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Introduction Generally when the strength of machine elements are considered it is assumed that the loading is static or applied gradually. This loading condition is often not the case, the loading may be cyclic requiring assessment for fatigue. Fatigue or it may involve impact or suddenly applied loads. When loads are applied suddenly and when the loads are applied as impact loads the resulting transient stresses (and deformations) induced in the machine elements are much higher than if the loads are applied gradually. This effect is shown in the diagram below It is normal practice to design machines such that impact loads are eliminated or reduced by
inclusion of shock absorbers. Inclusion of low cost, mass produced, shock absorbers
can virtually eliminate the increased stresses and deformations resulting from impact loads. Notation
Linear Impact deflections and stresses (gravity loads) Important note: The notes below represent a very simple view of the loading condition and
do not consider more real case involving shock waves being propagated through the loaded member or
the moving mass In accordance with conservation of energy the potential energy of the weight is converted to elastic strain energy. This may be expressed as a quadratic equation This is solved for the maximum deflection δ_{max} as follows The weight applied gradually would result in a deflection δ_{st} thus Note: This can be expressed as The resultant maximum force is simply P_{max} = k δ_{max} and the resultant maximum stress = σ_{max} = P_{max}/ A This may be expressed as For the calculation of the stress due to a suddenly applied load with h = 0 σ_{max} = 2 σ_{st} Linear impact deflections and stresses (kinetic impacts ) Important note: The notes below represent a very simple view of the loading condition and
do not consider more real case involving shock waves being propagated through the loaded member or
the moving mass The resulting equation is The resultant maximum deflection equals.. Noting that the static deflection = Wl/AE this equation can be written The equivalent maximum stress = Noting that the static deflection = Wl/AE this equation can be written Beams Using similar principles as expressed above it can be easily proved using principles of conservation of energy that. and If the impact is horizontal instead of vertical . The resulting deformation and stress resulting from the impact are Note: The above approximate relationships can been applied generally to most structural systems subject to distortion with the elastic range when subject to impact loading Energy losses on impact The above equations are very approximate and include many assumptions. A very important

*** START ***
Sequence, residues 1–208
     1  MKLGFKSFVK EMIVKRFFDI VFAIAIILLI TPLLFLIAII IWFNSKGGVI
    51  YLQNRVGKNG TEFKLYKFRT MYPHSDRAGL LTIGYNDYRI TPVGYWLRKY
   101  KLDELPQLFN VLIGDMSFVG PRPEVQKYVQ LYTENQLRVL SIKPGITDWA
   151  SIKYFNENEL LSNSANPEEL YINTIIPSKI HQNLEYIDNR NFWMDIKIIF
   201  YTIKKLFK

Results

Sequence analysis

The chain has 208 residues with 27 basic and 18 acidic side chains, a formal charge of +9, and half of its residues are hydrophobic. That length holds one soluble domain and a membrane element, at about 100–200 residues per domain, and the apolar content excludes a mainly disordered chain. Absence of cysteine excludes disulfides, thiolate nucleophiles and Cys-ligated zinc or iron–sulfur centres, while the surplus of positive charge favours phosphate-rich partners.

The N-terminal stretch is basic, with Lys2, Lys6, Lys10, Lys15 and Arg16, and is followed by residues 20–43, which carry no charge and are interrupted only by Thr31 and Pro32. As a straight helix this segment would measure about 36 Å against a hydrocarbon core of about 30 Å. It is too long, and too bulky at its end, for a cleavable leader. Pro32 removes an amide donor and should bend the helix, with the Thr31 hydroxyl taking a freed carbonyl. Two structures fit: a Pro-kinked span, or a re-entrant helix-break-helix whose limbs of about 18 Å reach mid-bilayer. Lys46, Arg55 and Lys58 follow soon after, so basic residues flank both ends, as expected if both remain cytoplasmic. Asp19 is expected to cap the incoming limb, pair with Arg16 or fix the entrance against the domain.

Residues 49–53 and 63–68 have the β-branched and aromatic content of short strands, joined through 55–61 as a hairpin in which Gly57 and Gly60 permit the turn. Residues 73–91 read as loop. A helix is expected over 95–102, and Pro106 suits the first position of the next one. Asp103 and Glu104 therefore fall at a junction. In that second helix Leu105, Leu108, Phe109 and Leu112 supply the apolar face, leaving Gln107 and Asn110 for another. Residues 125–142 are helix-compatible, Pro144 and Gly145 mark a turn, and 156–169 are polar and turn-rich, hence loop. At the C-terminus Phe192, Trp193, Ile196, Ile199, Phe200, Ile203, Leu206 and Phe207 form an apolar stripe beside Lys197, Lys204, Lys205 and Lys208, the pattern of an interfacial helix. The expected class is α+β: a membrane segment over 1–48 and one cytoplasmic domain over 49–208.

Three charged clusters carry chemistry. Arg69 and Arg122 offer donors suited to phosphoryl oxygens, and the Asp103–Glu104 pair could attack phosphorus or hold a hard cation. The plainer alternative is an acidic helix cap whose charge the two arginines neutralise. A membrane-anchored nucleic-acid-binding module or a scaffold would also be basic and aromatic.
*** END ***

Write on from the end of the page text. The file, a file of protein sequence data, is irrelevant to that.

assumption is that all of the energy ( based on h or v^{2}) is used up in producing the same distortion
as would result from static loading. In reality, some kinetic energy is lost in internal friction. Account can
be taken for these losses by multiplying h or v^{2} by an appropriate factor K. This factor is derived from
the Mass of the moving body (M) and the mass of the beam or bar (M_{1}). The factor is different for different
loading systems ass follows. if M_{1}/M is say 0,1 then K = 0,95.. This is illustrated in the figure below 1) A moving mass M striking axially one end of a bar of mass M_{1}. The other end of the bar being fixed... 2) A moving mass M striking traversely the end of a beam of mass M_{1}... 3) A moving mass M striking traversely the center of a beam with simple supported ends of mass M_{1}.... 4) A moving mass M striking traversely the center of a beam with fixed ends of mass M_{1}. .. Impact stresses considering propagation of shock waves Unsupported bar When a impact force is suddenly applied to and elastic body , a wave of stress is propogated traveling through the body with a velocity..
w = weight /unit volume (kg/m^{2}), v = velocity (m/s) If the mass of the moving body is very large compared to the mass of the bar the wave of compression bounces back from the far end of the bar as a wave of tension and returns to the struck end after a time period . t _{p} = 2L / V If the mass of the moving body is very large compared to the bar so that it can be
considered infinite then after breaking contact the moving bar will move away from the
impacting mass with a velocity of v_{b}= 2v. The moving bar will be stress free. The moving bar is left vibrating with a stress intensity of
Impacts considering propagation of shock waves bar with one end supported For the case of a bar with one end fixed , the wave of compressive stress resulting from the impact on the unsupported end is reflected back unchanged from the supported (fixed end) and combines with the advancing waves to produce a maximum stress approximately equal to..

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Last Updated 13/01/2013